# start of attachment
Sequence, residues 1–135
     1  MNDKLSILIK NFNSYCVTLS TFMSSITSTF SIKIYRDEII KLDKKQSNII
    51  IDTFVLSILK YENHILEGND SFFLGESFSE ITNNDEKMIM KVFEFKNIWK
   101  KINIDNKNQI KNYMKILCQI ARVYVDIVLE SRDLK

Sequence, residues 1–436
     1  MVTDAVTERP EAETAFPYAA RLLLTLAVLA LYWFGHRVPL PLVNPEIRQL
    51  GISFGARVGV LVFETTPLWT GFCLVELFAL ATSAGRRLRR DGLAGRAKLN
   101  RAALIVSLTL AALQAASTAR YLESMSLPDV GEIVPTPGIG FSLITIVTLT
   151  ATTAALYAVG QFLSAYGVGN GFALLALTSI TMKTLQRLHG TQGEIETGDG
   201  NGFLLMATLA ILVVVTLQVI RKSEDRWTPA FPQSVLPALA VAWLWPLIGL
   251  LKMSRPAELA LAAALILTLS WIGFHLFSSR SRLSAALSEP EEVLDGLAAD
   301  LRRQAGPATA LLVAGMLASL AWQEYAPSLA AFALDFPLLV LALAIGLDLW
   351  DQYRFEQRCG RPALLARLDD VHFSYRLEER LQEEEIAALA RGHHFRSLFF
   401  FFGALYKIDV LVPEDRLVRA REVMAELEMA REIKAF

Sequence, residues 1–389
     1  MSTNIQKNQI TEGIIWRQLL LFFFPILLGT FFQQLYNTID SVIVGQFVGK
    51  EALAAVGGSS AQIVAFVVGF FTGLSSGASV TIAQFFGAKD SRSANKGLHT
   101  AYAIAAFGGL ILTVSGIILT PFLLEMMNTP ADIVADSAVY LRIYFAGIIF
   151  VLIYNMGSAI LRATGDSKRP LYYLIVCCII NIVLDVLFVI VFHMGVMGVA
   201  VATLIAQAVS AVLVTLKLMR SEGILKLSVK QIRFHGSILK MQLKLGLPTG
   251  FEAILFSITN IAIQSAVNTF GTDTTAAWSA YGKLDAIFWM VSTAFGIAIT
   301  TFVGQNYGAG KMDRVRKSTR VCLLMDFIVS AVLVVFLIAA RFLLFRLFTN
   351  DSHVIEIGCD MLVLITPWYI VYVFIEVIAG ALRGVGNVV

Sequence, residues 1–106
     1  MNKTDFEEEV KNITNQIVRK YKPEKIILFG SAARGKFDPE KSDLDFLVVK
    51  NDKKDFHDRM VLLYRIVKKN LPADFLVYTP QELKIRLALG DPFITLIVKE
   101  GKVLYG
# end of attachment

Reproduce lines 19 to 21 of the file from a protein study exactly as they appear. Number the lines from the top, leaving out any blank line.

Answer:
   151  VLIYNMGSAI LRATGDSKRP LYYLIVCCII NIVLDVLFVI VFHMGVMGVA
   201  VATLIAQAVS AVLVTLKLMR SEGILKLSVK QIRFHGSILK MQLKLGLPTG
   251  FEAILFSITN IAIQSAVNTF GTDTTAAWSA YGKLDAIFWM VSTAFGIAIT